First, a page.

With only slight variations, the same format
is used to prepare the joint letter, multiple-address
letter, and the endorsement. It is also used to
prepare memoranda and to a lesser extent such
other special types of naval correspondence as the
speedletter and the telecommunication message.
Since the style of the standard naval letter sets
the pattern for all types of correspondence,
including the business letter, it is important for
the RP to be familiar with the procedures used
in preparing a naval letter. The proper procedures
and format for the preparation of the naval letter
are explained in the next sections.
The first page of a naval letter is written on
letterhead stationery of the activity of the chief
official under whose title it is written. Figure 5-1
shows examples of various letterhead stationery.
If printed letterhead stationery is not available,
the letterhead is typed or stamped in the top center
of the page beginning on the fourth line from the
top of the page. Second and succeeding pages are
typed on plain bond paper which is similar to the
letterhead stationery in size, color, and quality.
White and colored tissues (manifold sheets)
are used for additional copies of naval letters. The
required number of copies of a naval letter is
determined by the type and number of addressees
and the local processing and filing practices.
Although the necessary number of copies must
be determined separately for each letter, the
following copies are normally required:
GREEN.One copy is required for the
official files. NOTE: A designated reproduced
copy may be used as the file copy when colored
tissues are not available.
WHITE.One copy is required for each
via addressee and each copy to addressee.
as for the first page. NOTE: Figures 5-2 and 5-3
are used for explanation purposes for the
remainder of the discussion in regard to the naval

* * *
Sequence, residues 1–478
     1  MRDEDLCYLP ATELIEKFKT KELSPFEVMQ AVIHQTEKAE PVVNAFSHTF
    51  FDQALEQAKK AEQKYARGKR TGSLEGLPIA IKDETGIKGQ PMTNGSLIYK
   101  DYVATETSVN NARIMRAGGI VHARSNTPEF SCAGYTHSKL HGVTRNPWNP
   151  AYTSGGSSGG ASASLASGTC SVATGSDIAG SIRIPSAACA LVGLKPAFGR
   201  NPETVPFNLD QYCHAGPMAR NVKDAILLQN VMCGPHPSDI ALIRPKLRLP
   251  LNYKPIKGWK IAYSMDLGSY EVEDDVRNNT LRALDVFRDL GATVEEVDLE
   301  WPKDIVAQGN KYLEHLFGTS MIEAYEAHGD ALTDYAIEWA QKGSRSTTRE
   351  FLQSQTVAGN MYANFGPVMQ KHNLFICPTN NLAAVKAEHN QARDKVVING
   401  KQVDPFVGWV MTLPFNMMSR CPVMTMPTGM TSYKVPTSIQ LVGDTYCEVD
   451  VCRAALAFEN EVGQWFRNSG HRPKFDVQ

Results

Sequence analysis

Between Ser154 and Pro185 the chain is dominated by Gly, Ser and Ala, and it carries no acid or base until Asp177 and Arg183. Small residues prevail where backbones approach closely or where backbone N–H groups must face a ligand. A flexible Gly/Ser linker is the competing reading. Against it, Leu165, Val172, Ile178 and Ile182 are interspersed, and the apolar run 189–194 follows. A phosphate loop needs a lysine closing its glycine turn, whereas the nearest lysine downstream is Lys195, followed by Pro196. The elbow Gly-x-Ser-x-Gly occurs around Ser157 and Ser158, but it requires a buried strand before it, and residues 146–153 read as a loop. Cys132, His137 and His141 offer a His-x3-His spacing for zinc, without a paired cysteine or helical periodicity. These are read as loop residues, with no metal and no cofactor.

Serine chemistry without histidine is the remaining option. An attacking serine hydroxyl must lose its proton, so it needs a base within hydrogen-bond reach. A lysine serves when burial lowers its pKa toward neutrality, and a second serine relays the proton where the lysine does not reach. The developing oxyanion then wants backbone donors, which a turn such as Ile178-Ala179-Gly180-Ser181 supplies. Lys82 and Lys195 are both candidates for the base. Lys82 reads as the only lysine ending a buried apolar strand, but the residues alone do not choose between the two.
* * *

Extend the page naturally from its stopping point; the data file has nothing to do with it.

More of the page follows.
No salutation or complimentary close appears
on a naval letter. The letter is prepared in block
style without indenting except for the first lines
of subparagraphs or for extensive quotations.
The location of the identification symbols is
governed by the refer to line when it is printed
on the stationery. Figure 5-1 shows three examples
of letterhead stationery with printed refer to
lines and one example where the refer to line
is not printed on the stationery. The following
entries may be contained in the identification
ORIGINATORS CODE.An originators
code serves as a basic identification symbol and
is formed according to local instructions. It
appears on all outgoing correspondence except
correspondence that is prepared for the Secretary
of the Navys signature. The group of letters
PBX:ABC:PLM is the originators code in
figure 5-2. Hull numbers may be used as the
originators code for ships.
FILE NUMBER.The use of a file number
is optional on the naval letter. It is blocked below
the originators code when used. A file number
is normally used when the originator wishes to be
included on return correspondence. The number
5216 is the file number in figure 5-2. A listing
of file numbers is contained in Department of the
Navy Standard Subject Identification Codes
(SECNAVINST 5210.11). The specific contents
of this instruction are contained in Chapter 3 of
SERIAL NUMBER.A serial number is an
optional entry on unclassified naval letters. It is
On the first page of a naval letter (figure 5-2),
blocked below the file number or below the
the left and right margins are one inch and the
originators code when there is no file number.
bottom margin is at least one inch. On the second
The purpose of a serial number is to assist
and succeeding pages (figure 5-3), the margin at
commands in identifying and locating
the top is one inch and other margins are the same
correspondence. There is no serial number in the